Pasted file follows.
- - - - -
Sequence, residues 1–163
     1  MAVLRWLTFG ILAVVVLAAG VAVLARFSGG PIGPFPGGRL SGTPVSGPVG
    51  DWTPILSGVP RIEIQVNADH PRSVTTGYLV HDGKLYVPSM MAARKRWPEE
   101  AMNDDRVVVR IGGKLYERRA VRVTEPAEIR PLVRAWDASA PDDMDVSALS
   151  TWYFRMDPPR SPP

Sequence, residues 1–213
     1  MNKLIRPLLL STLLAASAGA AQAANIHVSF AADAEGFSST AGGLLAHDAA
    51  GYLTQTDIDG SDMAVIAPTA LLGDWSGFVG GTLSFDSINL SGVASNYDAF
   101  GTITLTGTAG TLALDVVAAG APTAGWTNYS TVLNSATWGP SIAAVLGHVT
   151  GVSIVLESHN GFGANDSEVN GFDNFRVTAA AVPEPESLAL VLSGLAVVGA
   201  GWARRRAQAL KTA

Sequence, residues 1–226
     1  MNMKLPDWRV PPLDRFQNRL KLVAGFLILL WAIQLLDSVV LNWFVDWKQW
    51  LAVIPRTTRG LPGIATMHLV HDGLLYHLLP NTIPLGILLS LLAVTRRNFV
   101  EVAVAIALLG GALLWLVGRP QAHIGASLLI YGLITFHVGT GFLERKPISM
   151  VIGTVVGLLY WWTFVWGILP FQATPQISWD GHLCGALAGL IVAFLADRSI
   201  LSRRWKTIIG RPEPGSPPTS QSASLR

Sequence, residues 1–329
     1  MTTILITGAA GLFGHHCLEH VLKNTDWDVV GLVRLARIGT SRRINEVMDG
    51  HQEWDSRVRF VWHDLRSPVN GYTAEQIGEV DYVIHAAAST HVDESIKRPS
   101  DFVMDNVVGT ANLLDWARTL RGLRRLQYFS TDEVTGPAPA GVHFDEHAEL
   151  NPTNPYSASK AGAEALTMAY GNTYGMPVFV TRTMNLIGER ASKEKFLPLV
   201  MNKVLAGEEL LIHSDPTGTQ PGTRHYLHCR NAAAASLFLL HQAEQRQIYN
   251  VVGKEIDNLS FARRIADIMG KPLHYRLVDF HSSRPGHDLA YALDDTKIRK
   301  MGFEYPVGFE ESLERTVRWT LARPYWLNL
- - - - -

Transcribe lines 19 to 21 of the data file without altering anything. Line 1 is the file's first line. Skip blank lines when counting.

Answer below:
     1  MTTILITGAA GLFGHHCLEH VLKNTDWDVV GLVRLARIGT SRRINEVMDG
    51  HQEWDSRVRF VWHDLRSPVN GYTAEQIGEV DYVIHAAAST HVDESIKRPS
   101  DFVMDNVVGT ANLLDWARTL RGLRRLQYFS TDEVTGPAPA GVHFDEHAEL